HC Deb 26 July 1951 vol 491 cc99-100W
Sir W. Darling

asked the Secretary of State for the Colonies how far, under his regulations, officers of the Colonial Service who are dismissed have a right to a court of inquiry or the right of appeal to the Secretary of State.

Mr. J. Griffiths

All officers in the Colonial Service have a right of appeal to the Secretary of State. Officers hold office subject to the pleasure of the Crown, and the pleasure of the Crown that an officer should no longer hold his office may be signified by the Secretary of State.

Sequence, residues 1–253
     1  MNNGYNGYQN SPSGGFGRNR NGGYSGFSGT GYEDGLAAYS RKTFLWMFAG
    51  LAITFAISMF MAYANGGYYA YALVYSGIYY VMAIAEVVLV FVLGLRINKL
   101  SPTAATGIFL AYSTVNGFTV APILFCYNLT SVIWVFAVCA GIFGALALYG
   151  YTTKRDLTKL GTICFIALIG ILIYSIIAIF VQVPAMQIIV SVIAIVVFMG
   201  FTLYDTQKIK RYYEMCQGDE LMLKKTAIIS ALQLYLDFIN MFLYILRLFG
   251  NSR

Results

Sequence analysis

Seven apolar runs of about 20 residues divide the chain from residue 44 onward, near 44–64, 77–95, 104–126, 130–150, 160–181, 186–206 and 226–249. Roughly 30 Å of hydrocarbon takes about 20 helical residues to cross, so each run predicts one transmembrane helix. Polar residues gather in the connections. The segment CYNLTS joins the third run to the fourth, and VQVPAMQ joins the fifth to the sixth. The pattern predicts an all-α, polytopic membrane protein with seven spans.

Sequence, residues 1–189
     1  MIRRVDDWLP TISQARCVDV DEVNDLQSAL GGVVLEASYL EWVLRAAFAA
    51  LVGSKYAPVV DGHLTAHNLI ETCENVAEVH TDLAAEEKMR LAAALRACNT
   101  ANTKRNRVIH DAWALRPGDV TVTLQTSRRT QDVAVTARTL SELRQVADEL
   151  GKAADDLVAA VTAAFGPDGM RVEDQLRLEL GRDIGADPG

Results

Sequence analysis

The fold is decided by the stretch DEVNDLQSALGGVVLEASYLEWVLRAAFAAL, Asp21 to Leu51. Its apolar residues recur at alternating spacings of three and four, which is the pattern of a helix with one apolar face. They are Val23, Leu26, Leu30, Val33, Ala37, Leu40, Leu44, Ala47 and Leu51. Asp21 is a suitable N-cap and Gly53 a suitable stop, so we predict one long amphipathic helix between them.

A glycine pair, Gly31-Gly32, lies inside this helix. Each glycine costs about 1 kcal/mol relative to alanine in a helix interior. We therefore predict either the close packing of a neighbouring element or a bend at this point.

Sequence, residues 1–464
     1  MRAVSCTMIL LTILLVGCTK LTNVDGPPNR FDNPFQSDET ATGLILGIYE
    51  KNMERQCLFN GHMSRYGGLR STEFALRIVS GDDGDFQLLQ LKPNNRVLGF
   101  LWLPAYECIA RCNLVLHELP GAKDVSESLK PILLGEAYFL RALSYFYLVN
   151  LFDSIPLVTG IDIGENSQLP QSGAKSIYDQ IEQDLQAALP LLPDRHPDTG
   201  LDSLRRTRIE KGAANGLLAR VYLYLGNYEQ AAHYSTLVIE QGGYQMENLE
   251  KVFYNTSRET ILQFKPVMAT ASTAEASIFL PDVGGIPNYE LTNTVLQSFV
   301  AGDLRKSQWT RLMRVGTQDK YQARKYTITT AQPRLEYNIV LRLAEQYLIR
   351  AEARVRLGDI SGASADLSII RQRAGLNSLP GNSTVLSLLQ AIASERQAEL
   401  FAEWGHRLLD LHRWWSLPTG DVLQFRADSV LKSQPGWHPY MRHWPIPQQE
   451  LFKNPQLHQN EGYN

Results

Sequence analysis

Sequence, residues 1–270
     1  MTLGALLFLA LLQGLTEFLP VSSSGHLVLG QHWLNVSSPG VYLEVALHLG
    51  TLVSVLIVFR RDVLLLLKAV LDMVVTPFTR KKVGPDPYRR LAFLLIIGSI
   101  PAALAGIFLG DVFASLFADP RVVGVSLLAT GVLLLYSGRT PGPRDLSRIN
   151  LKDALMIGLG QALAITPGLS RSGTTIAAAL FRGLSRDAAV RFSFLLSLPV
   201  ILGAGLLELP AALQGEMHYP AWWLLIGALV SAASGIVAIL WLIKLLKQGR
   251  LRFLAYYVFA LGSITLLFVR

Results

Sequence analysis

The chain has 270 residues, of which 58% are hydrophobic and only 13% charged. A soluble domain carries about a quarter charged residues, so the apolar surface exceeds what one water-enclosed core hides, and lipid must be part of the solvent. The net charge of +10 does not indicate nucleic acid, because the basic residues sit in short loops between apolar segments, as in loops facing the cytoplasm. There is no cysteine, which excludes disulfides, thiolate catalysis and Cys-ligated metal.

The normal procedure for dismissal of pensionable officers may be summarised as follows: In the case of officers with pensionable emoluments of over £600 a year, the officer can be dismissed only after a committee of inquiry presided over by a legal officer has investigated the charges which are relied upon as grounds for dismissal. The recommendation for dismissal is subject to the approval of the Secretary of State. If the dismissal of an officer with pensionable emoluments of £600 a year or less is contemplated, the charges are investigated by the Governor of the Colony with the aid of the head of the officer's Department. Dismissal may be made by the Governor, but the officer may submit a memorial to the Secretary of State. If any officer is convicted of a criminal offence he may be dismissed, but the action must be reported to the Secretary of State for approval.